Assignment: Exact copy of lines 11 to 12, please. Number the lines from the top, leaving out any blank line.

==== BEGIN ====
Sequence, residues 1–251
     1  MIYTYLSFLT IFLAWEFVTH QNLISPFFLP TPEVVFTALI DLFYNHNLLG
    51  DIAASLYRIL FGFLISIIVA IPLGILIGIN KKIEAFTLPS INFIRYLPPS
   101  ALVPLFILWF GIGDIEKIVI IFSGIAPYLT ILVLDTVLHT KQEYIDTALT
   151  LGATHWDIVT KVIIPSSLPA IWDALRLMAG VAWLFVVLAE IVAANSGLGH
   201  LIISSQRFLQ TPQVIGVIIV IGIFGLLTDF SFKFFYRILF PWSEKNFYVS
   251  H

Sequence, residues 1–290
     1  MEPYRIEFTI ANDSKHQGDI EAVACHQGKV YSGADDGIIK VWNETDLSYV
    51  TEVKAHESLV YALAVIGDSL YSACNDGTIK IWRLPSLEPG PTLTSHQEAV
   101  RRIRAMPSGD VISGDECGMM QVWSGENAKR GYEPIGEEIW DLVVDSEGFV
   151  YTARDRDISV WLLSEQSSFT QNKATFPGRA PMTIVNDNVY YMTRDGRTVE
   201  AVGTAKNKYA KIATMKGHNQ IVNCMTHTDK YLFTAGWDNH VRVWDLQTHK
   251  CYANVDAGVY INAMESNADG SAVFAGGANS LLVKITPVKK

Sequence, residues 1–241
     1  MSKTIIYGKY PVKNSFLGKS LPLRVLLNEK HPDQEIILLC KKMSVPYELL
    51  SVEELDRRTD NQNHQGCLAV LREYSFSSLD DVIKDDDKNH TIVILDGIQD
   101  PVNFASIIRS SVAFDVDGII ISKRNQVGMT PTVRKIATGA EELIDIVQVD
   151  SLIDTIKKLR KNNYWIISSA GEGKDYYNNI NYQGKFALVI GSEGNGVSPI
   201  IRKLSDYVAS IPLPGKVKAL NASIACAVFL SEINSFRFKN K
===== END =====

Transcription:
   101  RRIRAMPSGD VISGDECGMM QVWSGENAKR GYEPIGEEIW DLVVDSEGFV
   151  YTARDRDISV WLLSEQSSFT QNKATFPGRA PMTIVNDNVY YMTRDGRTVE